The Exchange

Commentary and Observations from
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Monkeypox: Clinical Recognition

Monkeypox: Clinical Recognition

As healthcare providers, we have been alerted by local public healthcare agencies, healthcare institutions, the internet, and news sources to be vigilant for patients presenting with a rash and illness consistent with monkeypox. Monkeypox typically has a 7- to 14-day incubation period, but a range of 5 to 21 days has been reported.

The initial symptoms that define the prodromal period mimic a flu-like illness and include fever, malaise, headache, and weakness. A sign that distinguishes monkeypox from smallpox is lymphadenopathy, which may be generalized or localized, and includes cervical, axillary, and inguinal presentations. Soon after the prodromal period, the rash develops with staged progression from macular to papular, to vesicular, to pustular, and then with the lesions scabbing over before resolving. This entire process occurs over 2 to 3 weeks. In monkeypox, the lesions appear at the same time, helping to distinguish the disease from varicella (chickenpox), in which lesions appear in "crops." To further help distinguish the disease, the CDC website has photos of the rash in the various stages of presentation and on a variety of skin colors. Some other key characteristics of monkeypox are fever prior to rash onset, deep-seated lesions with umbilication, pain prior to scabbing, and location in the mouth and on the palms and soles. The person is contagious from the onset of the enanthem through resolution of scabbing.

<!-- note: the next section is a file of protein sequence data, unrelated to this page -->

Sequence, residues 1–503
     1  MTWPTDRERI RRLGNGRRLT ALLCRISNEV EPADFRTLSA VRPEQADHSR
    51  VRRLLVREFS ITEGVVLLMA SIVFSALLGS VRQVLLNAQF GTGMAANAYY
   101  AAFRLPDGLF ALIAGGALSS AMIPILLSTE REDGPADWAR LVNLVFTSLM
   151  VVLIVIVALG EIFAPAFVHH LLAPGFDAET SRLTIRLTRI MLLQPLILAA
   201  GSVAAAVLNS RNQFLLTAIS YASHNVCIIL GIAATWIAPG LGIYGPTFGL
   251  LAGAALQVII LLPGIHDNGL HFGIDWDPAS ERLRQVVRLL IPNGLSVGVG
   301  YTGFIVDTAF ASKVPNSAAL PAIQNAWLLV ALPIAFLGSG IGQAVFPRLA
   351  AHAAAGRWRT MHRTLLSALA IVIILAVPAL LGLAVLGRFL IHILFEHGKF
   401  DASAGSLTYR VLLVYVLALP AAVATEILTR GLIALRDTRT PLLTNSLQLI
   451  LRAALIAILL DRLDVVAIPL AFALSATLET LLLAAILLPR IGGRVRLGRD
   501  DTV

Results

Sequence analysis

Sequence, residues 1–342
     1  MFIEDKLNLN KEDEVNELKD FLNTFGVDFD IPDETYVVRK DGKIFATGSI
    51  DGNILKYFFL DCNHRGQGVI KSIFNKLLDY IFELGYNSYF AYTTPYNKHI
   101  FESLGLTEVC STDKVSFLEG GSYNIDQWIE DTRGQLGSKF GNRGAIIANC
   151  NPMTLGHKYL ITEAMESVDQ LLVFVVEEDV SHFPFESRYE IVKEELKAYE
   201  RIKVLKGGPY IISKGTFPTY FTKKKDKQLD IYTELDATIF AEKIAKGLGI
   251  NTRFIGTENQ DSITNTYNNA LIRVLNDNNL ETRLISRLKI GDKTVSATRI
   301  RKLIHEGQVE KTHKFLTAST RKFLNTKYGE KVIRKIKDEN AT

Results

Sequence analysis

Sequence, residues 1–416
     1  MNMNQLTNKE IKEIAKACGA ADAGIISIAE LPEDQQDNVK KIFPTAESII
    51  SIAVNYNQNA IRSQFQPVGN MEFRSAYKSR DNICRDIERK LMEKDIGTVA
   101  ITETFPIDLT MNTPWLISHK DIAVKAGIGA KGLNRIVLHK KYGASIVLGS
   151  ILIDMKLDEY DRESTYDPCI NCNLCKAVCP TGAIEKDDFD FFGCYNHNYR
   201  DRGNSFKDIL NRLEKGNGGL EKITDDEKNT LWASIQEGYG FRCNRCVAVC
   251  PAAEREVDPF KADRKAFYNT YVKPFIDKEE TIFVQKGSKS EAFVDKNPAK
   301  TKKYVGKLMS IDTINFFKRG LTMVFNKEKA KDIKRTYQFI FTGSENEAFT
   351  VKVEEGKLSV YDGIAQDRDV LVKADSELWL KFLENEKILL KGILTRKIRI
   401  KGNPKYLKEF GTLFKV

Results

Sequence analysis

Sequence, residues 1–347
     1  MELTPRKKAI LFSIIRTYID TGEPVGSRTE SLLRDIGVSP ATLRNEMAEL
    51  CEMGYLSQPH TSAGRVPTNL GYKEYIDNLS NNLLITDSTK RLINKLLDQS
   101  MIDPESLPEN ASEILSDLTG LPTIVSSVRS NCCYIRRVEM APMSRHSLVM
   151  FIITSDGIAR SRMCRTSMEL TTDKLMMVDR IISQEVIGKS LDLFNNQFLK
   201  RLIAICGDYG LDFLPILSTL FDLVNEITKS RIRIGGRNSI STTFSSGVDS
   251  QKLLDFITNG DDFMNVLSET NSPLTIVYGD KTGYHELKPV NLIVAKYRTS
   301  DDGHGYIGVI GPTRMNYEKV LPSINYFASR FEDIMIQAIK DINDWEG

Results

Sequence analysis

The severity of illness depends on the patient's general health status and comorbid factors, the source of the infection, and the region of viral genus origin—namely, whether it is Western African vs Central African. Central African monkeypox virus strains tend to be more severe and carry a higher mortality rate with documented human-to-human transmission capability.

Epidemiologic data should be strongly considered in the differential diagnoses of persons presenting with rash illnesses within the past 21 days. Questions should be asked to determine if the patient has had exposure to a person with a similar rash or a confirmed/probable monkeypox diagnosis, close or intimate in-person contact with a person in a social network experiencing monkeypox infections (such as men who have sex with men), travel to a country with confirmed monkeypox infections or endemicity. They should also be asked about contact with wild animals or exotic pets (dead or alive) that are an African endemic species—including if they have used a product from such an animal.

If you have a patient with suspected monkeypox, your local health departments and infectious disease experts should be consulted to determine testing, potential treatment, and isolation or quarantine guidelines, as well as contact tracing when needed.

References

Filed under: Infectious Diseases, Public Health

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